New Survey Shows Rise of U.S COPD

COPD, a disease of the lungs that obstructs regular breathing, is shown to be on the rise in the United States. Glaxosmithkline, (GSK) one of the worlds leading healthcare pharmaceutical companies, recently implemented a global survey for those living with COPD, the third leading cause of death. In the last decade, COPD has risen to affect approximately 6-7% of adults over the age of 40. It is beginning to affect more women and non-smokers than before. This could be a result of pollutants in the atmosphere but it is not for certain.

As patients, caregivers and the healthcare community come together in support of World COPD Day (November 19), a GSK global survey of people living with chronic obstructive pulmonary disease (COPD) sheds new light on the growing burden of COPD in the US. GSK’s “Continuing to Confront COPD International Patient Survey” explores changes in COPD prevalence and disease burden, comparing data from the current study with GSK’s original “Confronting COPD” survey conducted ten years ago.[1],[2]

COPD is a growing problem in the US and in one decade has risen from the fourth leading cause of death to the third, after heart disease and cancer.[3] Data from the survey suggest that COPD prevalence has also increased from a decade ago, from six to seven percent of adults ages 40 years and older.

The burden of COPD on patients and the US healthcare system was also high. Twenty-six percent of US participants reported visiting the emergency room as a result of their COPD, with an additional 17 percent hospitalized within the last year – a statistic similar to that reported in Mexico, and higher than those reported in most European countries surveyed.

The survey also revealed that many patients may be underestimating the severity of their symptoms. While more than half (54 percent) of US participants reported clinically significant dyspnea (shortness of breath), the majority (70 percent) classified their COPD as only mild or moderate in severity, demonstrating a disconnect between the level of symptoms and their own subjective assessment of the disease.

“Given GSK’s 40-year heritage in the respiratory disease area, we were keen to follow up on our decade-old landmark study—the first COPD cross-national, population-based survey of its kind—with an update that helps provide insights as to how the disease and its management have evolved over time,” said Kourtney Davis, PhD, MSPH, GSK’s lead global epidemiologist on the survey.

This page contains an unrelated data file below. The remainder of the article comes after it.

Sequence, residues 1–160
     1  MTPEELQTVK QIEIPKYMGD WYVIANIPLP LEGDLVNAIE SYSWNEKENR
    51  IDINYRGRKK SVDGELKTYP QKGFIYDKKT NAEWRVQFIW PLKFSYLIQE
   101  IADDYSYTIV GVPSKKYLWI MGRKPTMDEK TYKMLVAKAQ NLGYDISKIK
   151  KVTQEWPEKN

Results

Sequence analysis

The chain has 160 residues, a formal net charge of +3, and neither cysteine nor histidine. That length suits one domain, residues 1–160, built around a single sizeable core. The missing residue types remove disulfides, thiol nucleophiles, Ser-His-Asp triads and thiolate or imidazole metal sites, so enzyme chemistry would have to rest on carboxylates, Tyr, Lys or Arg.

“From these findings we see that the face of COPD is changing,” added Davis. “Traditionally, COPD was considered to be a disease of elderly male smokers, but now, more women than men  report having COPD, and about a quarter of patients have never smoked.”

In the US, the number of females affected by COPD (7.1 percent), was notably higher than males (6.2 percent). As a result, physicians may want to consider additional evaluation when women present with respiratory symptoms, recurrent respiratory infections, or fatigue, to assess COPD and improve outcomes. The percentage of US participants who were identified as “never-smokers” was 25 percent – giving researchers reason to explore additional risk factors, such as environmental or occupational exposures, and asthma, as well as consider whether symptomatic non-smoking patients need early screening and access to recommended disease management.

Read the press release

Geckocap is a better method to manage your asthma medication. Find out more here

Study: Early Exposure to Dust Prevents Asthma Development in Newborns

(Photo Credit: Thinkstock)

A recent study conducted by Dr. Robert Wood, of John Hopkins Children Center in Baltimore concluded that keeping a home too clean can potentially cause future allergy and asthma flare ups in children. The study was published on June 6th in the Journal of Allergy and Clinical Immunology. It specifically stated that in the first year of an infants life, it is important to expose the child to a certain level of germs and bacteria in order to develop their immune system and prevent asthma.

The study tracked 467 newborns in urban communities from womb to birth and years down the road. Results showed that 41% of the children, who were allergy free, were exposed to a significant amount of bacteria in their household.

Atlanta, Ga. (CBS Atlanta) – You may want to think twice before breaking out the ole’ duster.

In a recent study out of Johns Hopkins Children’s Center in Baltimore, keeping your home too clean may lead to asthma and allergy complications later in life for children.

In the study published June 6 in the Journal of Allergy and Clinical Immunology, researchers found that infants are far less likely to suffer from asthma or allergies later in life if they are exposed to household germs and bacteria as well as allergens from rodents, roaches, and cats in their first year of life,according to Healthy Day.

Dr. Robert Wood, co-author of the study and chief of the Division of Allergy and Immunology at the Johns Hopkins Children’s Center, looked at 467 newborns in inner-city communities across Baltimore, Boston, New York City, and St. Louis and tracked their health from the womb, to birth, and through the years.

Dr. Wood found that about 41 percent of children in the study without allergies grew up in households rich in allergens and bacteria.

Continue Reading

Asthma Symptoms and Spring Time